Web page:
-Pastor Melissa Fain-
I have been inundated with reading material as of late. My eldest gave me The Handmaid’s Tale for Christmas, and I found its sequel, The Testaments, on clearance. I devoured both. I followed this up with Sinners in the Hands of an Angry God, a 25 page exploration of damnation. Our review is on my next read: Kingdom of Women, but I also read Out of the Dust, and I’m currently returning to The Screwtape Letters. (That’s if you’re interested in reading anything I’ve been reading.)
Perhaps it is a desire to devour the written word after spending a month studying for a very big math test. Perhaps it’s me choosing to read anything but the book I eventually put down to teach art: Crime and Punishment. (Gotta finish that one next.) No matter what it is, I knew I needed to write this review.
Synopsis (Without Spoilers)
There are a few story lines converging together in this. There are two worth noting in this post:
1) Averil Parnell becomes the world’s first priest in the Roman Catholic Church after her fellow seminarians are gunned down and she survives. I have some things to write about this below (with spoilers).
2) Women are done not being heard when it comes to abuse, rape, and inequality. They take matters into their own hands, and a group secedes from the Union to start their own country. At the same time, there are a group of vigilante women who are enacting justice towards fellow women who were raped and/or killed by men.
How to read it (With Spoilers)
I’m sure my male readers are seeing the synopsis and just “noping” yourself out of it. Please hear me out before you do that.
In my opinion, the author, Rosalie Morales Kearns, creates a modern feminist lament. I put this text right next to Psalm 137. They are both dense and difficult reads.
A year ago, almost to the day, I wrote a Tuesday Review of Professor Glenn Pemberton’s book: Hurting With God. I said he lost the tension when it came to Psalm 137. That comment is important to this book, so let me quote it below:
“If I could summarize [Hurting with God] in one sentence it would be this: Trust God enough to speak the truth in your prayers. [Glenn Pemberton] couldn’t find the truth in Psalm 137, because he only heard the words being spoken, not the meaning beyond them. I do invite you to read what I wrote on his take on Psalm 137, but I have one more greater point... Talking to God has to start somewhere. It might even start with a lie. If we are so afraid that the only words spoken need to be truthful words, we could scare people out of praying all together. I would summarize prayer in this way: Prayer is bringing yourself, in all that you are, before God in sacrifice.”
Tuesday's Review: Hurting with God
Psalm 137 doesn’t mean God condones bashing babies heads against rocks. It does mean, God hears our yowling pain, and we have the freedom to speak with our souls as our words can say some terribly hurtful things. God is big enough to take it.
Kingdom of Women ends with the complete destruction of men. It’s not realistic if taken literally, but it is real. It’s true in the exact same way Psalm 137 is true. If taken as a true lament, it speaks with women, and speaks to men.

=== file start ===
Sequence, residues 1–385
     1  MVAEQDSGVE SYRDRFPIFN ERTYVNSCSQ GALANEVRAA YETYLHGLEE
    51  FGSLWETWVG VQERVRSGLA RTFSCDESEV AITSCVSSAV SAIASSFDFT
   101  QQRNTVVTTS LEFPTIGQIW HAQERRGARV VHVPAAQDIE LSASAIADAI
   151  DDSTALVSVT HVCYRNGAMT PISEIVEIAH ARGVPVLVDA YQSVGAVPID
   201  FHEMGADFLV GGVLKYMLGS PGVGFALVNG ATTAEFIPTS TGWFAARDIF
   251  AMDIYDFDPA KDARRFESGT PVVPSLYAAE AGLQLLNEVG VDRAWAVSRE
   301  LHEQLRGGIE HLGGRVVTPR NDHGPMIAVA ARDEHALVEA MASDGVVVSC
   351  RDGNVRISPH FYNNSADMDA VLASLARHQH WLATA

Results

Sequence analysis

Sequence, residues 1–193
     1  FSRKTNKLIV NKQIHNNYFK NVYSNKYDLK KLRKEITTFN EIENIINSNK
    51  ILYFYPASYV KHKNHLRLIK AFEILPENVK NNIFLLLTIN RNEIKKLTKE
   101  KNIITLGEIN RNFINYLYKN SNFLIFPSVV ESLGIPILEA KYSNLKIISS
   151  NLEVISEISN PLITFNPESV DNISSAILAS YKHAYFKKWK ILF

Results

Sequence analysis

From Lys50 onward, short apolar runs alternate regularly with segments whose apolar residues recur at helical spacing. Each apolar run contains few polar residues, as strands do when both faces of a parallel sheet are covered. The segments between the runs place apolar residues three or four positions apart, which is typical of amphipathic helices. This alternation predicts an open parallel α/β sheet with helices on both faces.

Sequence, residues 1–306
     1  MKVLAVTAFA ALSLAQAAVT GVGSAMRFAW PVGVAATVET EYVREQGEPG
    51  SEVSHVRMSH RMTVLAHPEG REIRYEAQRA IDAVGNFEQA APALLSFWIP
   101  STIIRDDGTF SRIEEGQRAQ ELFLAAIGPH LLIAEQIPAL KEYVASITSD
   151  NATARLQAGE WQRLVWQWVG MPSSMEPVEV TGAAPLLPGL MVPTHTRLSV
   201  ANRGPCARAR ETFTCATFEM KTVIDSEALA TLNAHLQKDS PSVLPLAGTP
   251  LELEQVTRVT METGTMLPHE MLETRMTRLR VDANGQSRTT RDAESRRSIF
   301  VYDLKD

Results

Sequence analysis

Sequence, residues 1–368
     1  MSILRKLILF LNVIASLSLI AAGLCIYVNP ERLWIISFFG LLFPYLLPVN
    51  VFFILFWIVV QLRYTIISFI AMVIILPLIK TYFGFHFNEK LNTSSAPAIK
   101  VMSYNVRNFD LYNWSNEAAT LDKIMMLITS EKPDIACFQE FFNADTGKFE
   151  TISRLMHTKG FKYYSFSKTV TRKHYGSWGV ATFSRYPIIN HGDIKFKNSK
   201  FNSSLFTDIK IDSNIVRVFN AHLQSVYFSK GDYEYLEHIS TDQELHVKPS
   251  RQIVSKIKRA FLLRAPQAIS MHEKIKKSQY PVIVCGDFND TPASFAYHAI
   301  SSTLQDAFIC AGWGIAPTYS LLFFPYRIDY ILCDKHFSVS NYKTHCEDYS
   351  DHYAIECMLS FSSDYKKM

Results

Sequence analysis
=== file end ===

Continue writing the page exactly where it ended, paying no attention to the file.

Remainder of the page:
That makes this a very good book.
Aside: Speaking as a woman in ministry and Scouts BSA
Before I get into this- I did not see this book as literal. I saw it as one sees a fable or morality tale. It’s not meant to be taken literally. What I’m about to write isn’t critiques, as much as how I feel a literal experience would go differently.
If the Roman Catholic Church chose to ordain women, they wouldn’t “defrock” her like they did to Averil. They would bury her. They would put her somewhere where no one would be able to hear her sermons, or know what she was up to. To take away her standing would suggest they were wrong, and they would attempt to avoid appearing anything but the God Ordained Church™.
Speaking as a woman who is ordained, I feel more ignored than I do expelled. Expulsion gives you something to work with. It’s a physical action that can have an opposite and equal reaction. Ignoring, on the other hand, has no momentum.
For example: Back at the end of 2019, Fig Tree Christian and myself left the Christian Church (Disciples of Christ). The Christian Church ignored it. Like, I still get “giving packets” from the Church they ignored it so fully. Now, not only am I disconnected from the denomination in a self-acting move, but there was no reaction to it. They kept me for their numbers, and took away everything I could have gained from it. So much so that in 2020, when people were searching where to find Fig Tree Christian, it listed another church we discontinued meeting at. They reaped our evangelism. That’s what would have happened to Averil. She would have been made obsolete by the system that claimed to love her.
Also an example: A few years back, the BSA decided to include girls in their scouting program. I’ve written so much about this, including the Scout Bathrooms. Including women and girls into male programs does not automatically create equality. The very foundations need to be moved for equal treatment. In the case of the Council camps, the bathrooms were made for the boys. It’s much more difficult for the gals to camp with public restrooms still being for the boys.
And yet another example: I experienced this as a seminarian, as the building for the seminary was built for men. Try being a pregnant woman when there isn’t a restroom on your floor for women. Candler fixed this with a new building, but my first year still felt incredibly exclusionary.